Monthly Archives: July 2013

The central role of telemetry in many fields of human endeavour

Since the emergence of telemetering over wire in the 19th century, followed by the development of progressively meaningful wireless telemetry systems over the next century or so, telemetry has not merely existed to assist the running of plant and equipment. Nor has it solely had value in achieving financial efficiency. What Oriel Systems ( would instead like to emphasise in this article is the role that telemetry has had in shaping the present world in which all of its clients and non-clients live, work and play.

It is telemetry solutions, for example, that have made it possible for everyday people to be better informed about the coming weather in their localities, with weather balloons having used the technology to transmit meteorological data since 1920. Telemetry has also greatly modernised agriculture, given the need for weather and soil data to be delivered in a timely manner if healthy crops and good yields are to be consistently achieved. In the latter case, wireless weather stations transmit vital parameters, such as air temperature, precipitation, wind speed and soil moisture, to the achievement of such ends as precision irrigation and disease prevention.

Remote data acquisition has also been integral to fishery and wildlife research and management, with threatened species being monitored at the individual level. Instrumentation tags are fitted to animals under study so that the likes of temperature, diving depth and duration can be measured. Through telemetry tags, researchers can learn more about an animal’s environment, behaviour and functions. Archival tags can then be used to store this information, or the information can be transmitted to a satellite or handheld receiving device.

Testing environments where there is a need for close observation, but the presence of humans in close proximity would be dangerous, such as volcanoes, radioactive sites or munitions-storage facilities, also see the use of remote monitoring systems. They can be invaluable in making measurements in places that are generally inaccessible to humans, such as deep in the ocean or in space. Indeed, space science has long been another key frontier for telemetry, being used for data transmission by manned or unmanned spacecraft and covering distances exceeding 10 billion kilometres.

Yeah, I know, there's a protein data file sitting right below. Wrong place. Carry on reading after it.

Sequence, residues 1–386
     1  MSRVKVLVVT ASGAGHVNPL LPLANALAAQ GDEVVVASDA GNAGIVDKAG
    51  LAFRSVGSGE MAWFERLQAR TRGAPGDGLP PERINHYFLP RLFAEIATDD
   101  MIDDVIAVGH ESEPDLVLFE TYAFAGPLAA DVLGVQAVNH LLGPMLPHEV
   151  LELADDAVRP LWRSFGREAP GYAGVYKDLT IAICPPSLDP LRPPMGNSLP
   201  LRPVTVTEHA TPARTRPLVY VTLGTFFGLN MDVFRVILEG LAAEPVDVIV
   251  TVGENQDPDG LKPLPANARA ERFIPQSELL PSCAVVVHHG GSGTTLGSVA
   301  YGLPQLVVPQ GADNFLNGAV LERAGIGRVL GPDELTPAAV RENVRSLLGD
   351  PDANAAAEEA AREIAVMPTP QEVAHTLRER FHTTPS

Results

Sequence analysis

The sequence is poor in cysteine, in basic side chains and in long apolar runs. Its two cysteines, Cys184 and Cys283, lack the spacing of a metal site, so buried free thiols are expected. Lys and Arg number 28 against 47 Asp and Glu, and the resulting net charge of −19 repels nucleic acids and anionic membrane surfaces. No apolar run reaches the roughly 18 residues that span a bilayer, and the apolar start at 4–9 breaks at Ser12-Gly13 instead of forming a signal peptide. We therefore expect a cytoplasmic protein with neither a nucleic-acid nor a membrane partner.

Data is frequently collected from spacecraft and satellites by space agencies like the European Space Agency (ESA) and NASA, via telemetry and/or telecommand systems. There are so many more examples of the areas in which solutions like telemetry software have played an integral role in furthering human achievement and broader society, from rocketry, military intelligence and medicine to communications, resource distribution and motor racing.

With its own highly concentrated areas of expertise in the water, chemical, printing and oil and gas industries, Oriel Systems ( takes pride in its continuing contributions to making telemetry more powerful, flexible and suitable to the broadest range of professional and industry requirements.